Fireworks not objects of self-restraint
I let the evening light be my clock Tuesday as I waited to leave my home in Baldwin to photograph the De Soto community Fourth of July fireworks show. From past experience, I knew the show didn't start until it got dark. Here, fireworks don't compete with the waning summer sun.
Fireworks don't seem to encourage self-restraint.
Apparently, that patience wasn't shared by many who purchased fireworks the past week. Even though a pale wash of blue continued to paint the northwestern horizon, I was treated to constant green, red, blue and gold bursts during my 30-mile drive to the stadium. Perhaps those setting off the fireworks were whetting their appetites for bigger, better community fireworks shows or maybe they had to get up early, but it seemed a waste to start the home shows when their full effect couldn't be enjoyed.
That's not to say all were so tempted to get on with it at the earliest opportunity. My trip back was also highlighted with constant puffs of color.
It's a curious tradition. And since my mind can wander to strange places, I couldn't help but wonder what a space alien visiting earth for the first time on the Fourth of July would think. The celebratory displays might be seen as pitifully inadequate defense mechanisms and start an interstellar incident.
Back to earth, I noted there was a heck of a lot of money spent the last week on fireworks -- something I haven't participated in since childhood -- and that home fireworks are much improved from the Roman candles and fountains of my youth. Some of the sudden blossoms of color I saw on my drive rivaled those of professional shows, and some of the statement booms that rattled windows in our home reminded me of my years in Manhattan and the constant concussion shocks from Fort Riley.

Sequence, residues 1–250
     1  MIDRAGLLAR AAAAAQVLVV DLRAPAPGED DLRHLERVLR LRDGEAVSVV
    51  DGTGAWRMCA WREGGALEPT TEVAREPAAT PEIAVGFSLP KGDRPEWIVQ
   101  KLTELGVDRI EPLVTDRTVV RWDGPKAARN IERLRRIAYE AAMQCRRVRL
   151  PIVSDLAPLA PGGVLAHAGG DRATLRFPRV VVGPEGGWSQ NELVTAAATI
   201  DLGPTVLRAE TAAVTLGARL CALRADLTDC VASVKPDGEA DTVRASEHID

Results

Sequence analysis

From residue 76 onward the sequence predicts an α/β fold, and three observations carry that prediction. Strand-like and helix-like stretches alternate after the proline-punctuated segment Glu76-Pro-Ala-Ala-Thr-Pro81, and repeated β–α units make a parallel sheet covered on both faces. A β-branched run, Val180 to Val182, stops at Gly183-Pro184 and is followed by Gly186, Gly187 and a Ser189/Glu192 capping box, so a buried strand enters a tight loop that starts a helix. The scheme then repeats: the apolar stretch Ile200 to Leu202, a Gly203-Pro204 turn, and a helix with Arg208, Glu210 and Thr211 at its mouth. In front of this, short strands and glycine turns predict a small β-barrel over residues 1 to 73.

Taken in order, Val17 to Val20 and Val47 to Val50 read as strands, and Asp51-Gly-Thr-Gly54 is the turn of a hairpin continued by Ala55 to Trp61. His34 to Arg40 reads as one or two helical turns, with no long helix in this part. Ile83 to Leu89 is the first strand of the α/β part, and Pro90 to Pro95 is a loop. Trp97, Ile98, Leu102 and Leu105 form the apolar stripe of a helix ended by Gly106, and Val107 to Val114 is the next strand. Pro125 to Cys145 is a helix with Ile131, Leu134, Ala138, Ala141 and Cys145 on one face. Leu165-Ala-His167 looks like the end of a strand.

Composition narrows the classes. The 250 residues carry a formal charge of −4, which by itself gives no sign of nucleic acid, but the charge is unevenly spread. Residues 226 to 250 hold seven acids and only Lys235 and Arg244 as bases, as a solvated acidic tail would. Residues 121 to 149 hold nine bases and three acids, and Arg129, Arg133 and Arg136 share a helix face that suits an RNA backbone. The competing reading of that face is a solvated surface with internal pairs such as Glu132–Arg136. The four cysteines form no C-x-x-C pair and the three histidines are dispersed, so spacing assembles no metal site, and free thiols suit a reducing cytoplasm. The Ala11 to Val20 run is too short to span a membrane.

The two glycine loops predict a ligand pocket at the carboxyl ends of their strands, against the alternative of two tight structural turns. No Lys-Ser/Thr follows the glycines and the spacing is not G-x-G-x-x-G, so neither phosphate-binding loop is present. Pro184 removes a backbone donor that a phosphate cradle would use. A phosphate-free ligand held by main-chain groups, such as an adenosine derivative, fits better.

When I heard those loud explosions the past few days while outside or before the house closed down in defense of the afternoon heat, they where nearly always followed by laughter.
There's no denying, carrying out acts of mini-destruction brings a lot of joy. We get that whole North Korean thing, a synchronistic happenstance that no pundit could let pass (although maybe they should have, because high paid cable TV authorities should be able to do better than such an observation tickling everyone's frontal lobe). Too bad, their most expensive display (variously said to have the range to hit Alaska or Los Angeles, but apparently more a threat to North Korean beaches) was a dud.
Kim Jong II just doesn't get the whole saber rattling concept. That's an act reserved for the big dog and not some favorite-son dictator and fifth-rate movie director abusing one of the world's most dismal nations. And if you're going to rattle a saber, it ought to rattle and not sound like self-mockery.
But as my drive Tuesday suggests: If you've got them, you shoot them -- premature or not. It's human nature.